These retractions come with serious consequences. In addition to the waste of running expensive medical trials that have no merit, medical decisions made by physicians and research scientists on the premise of fraudulent data could leave patients at risk. Some studies indicate that hundreds of thousands of patients have been affected by improper medical care caused by fraudulent studies or the administration of improper treatment based on fraudulent studies. The monetary cost is also staggering; by one estimate, every paper retracted because of research misconduct costs about $400,000 in funds from the U.S. National Institutes of Health (NIH).22 And that is just one institution; a more alarming calculation places the cost at $28 billion per year for preclinical research that isn't reproducible.23 The costs are not limited to past events. Forward-looking medical licensing arrangements are quick to lose their value if it is revealed that the clinical findings upon which they were predicated were duplicitous. Experienced attorneys may be able to contract around these mitigating circumstances, but the more likely outcome in such cases is costly and protracted litigation.

One of the great innovations of blockchain is that its distributed nature and use of cryptography make it so that records entered onto its ledger are not retroactively changeable. The opportunities to revise experiment results to fit a preconceived hypothesis are thus eliminated and every entry onto a blockchain is traceable. For a researcher looking to reproduce results gleaned from an experiment's data, being able to chart a predecessor's steps with full certainty of the path taken is particularly crucial. That isn't to say that a blockchain can make fraudulent data entered onto it any less fraudulent than it actually was in real life – garbage in does not make gospel out.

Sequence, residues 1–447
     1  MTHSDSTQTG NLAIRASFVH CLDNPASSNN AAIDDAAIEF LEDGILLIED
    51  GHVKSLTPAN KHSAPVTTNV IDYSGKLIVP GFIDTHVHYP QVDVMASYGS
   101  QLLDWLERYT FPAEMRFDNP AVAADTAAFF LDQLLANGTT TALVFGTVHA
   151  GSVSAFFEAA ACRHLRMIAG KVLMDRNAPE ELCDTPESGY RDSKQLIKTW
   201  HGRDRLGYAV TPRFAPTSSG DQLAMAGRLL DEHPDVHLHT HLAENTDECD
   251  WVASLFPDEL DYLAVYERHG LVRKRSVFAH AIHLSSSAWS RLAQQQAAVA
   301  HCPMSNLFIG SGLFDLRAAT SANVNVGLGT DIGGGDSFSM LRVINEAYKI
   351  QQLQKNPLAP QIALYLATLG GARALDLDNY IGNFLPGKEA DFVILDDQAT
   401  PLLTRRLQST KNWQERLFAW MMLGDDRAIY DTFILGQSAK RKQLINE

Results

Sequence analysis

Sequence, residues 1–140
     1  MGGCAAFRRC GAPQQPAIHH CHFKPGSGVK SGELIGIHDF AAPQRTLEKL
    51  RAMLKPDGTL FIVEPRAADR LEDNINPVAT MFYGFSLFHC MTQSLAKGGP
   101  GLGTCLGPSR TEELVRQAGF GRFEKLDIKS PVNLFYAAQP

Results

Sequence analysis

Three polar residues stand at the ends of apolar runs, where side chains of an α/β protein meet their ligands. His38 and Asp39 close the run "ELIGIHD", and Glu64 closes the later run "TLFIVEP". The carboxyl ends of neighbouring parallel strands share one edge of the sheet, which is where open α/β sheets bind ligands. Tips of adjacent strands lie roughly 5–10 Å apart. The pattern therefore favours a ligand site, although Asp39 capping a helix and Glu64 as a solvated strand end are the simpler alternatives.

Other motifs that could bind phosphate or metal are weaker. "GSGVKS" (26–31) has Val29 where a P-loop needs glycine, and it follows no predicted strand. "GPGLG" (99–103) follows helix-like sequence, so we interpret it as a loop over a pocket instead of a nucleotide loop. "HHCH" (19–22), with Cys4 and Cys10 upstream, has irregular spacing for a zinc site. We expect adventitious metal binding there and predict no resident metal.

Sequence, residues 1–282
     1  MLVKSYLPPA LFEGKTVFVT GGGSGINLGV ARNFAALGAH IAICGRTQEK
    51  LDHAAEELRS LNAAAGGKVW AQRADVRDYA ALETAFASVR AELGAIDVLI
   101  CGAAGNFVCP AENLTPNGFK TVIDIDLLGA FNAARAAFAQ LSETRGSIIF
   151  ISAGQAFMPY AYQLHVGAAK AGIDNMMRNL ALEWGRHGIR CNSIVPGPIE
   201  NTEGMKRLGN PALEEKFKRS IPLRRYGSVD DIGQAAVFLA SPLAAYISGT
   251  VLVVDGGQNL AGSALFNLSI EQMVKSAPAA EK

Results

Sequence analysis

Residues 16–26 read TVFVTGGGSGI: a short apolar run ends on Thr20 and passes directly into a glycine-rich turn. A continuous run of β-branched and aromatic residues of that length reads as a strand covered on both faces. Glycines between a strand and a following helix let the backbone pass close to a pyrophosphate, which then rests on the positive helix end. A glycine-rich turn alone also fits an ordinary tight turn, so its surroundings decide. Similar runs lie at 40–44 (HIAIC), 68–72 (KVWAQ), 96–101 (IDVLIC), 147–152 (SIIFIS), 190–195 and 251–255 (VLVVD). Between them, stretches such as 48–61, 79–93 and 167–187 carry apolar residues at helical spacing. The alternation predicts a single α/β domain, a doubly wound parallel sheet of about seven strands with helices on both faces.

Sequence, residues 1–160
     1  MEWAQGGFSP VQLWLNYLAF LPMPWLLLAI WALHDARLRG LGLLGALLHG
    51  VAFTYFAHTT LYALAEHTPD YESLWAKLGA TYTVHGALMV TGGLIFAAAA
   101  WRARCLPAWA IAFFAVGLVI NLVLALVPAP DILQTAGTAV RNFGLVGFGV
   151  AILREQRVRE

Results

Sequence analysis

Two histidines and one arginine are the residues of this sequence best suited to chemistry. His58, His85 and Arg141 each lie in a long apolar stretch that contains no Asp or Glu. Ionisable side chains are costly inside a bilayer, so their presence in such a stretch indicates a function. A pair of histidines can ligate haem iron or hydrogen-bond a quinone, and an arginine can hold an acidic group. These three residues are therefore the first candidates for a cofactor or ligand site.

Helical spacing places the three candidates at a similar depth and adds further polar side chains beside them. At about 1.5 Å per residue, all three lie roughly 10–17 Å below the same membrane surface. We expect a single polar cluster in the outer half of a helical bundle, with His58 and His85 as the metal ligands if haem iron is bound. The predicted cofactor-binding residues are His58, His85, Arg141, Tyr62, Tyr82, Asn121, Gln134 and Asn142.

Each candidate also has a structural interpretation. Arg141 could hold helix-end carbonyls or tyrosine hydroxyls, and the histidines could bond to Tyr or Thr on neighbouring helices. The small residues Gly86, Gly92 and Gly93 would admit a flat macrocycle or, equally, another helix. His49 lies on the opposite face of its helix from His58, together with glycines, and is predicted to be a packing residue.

One emerging company enabling an integrated ecosystem of validated information is MyIRE. The company has developed an all-in-one modular blockchain-enabled system that allows its stored information to be callable and traceable to varying degrees, depending on the stakeholder within the network, for every stage of an experiment's research lifecycle.24 Researchers who upload their results onto MyIRE's platform are able to trace back their data and know it hasn't been tampered with. Likewise publishers, watchdogs and regulators can read information that has been uploaded to ascertain where it came from. Research fraud may be a systemic failure of the scientific community, but tools like the MyIRE platform may allow it to correct its course efficiently for society's benefit.